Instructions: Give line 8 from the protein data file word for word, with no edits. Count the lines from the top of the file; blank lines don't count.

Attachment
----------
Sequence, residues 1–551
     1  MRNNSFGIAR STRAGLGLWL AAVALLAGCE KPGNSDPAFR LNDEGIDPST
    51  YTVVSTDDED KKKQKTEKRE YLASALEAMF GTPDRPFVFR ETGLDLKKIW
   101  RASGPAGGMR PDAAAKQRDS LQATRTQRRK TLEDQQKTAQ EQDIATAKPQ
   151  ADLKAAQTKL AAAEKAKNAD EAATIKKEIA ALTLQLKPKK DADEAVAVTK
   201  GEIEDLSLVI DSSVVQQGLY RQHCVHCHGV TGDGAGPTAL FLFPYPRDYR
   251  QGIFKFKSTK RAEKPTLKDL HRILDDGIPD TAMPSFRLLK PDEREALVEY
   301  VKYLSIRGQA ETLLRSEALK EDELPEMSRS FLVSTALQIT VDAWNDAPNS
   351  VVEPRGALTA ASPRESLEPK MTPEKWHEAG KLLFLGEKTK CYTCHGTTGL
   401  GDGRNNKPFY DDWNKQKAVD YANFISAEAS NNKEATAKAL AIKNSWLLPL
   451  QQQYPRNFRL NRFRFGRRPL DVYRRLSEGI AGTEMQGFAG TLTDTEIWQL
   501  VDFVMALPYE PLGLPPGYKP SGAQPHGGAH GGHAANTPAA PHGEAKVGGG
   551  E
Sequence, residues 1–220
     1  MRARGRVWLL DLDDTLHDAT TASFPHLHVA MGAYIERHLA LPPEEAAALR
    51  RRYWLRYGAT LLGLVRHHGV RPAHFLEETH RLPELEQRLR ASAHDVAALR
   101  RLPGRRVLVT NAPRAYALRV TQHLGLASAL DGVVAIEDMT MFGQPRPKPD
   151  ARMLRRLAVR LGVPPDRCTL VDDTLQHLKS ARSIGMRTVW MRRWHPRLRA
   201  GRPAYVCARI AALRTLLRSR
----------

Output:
   301  VKYLSIRGQA ETLLRSEALK EDELPEMSRS FLVSTALQIT VDAWNDAPNS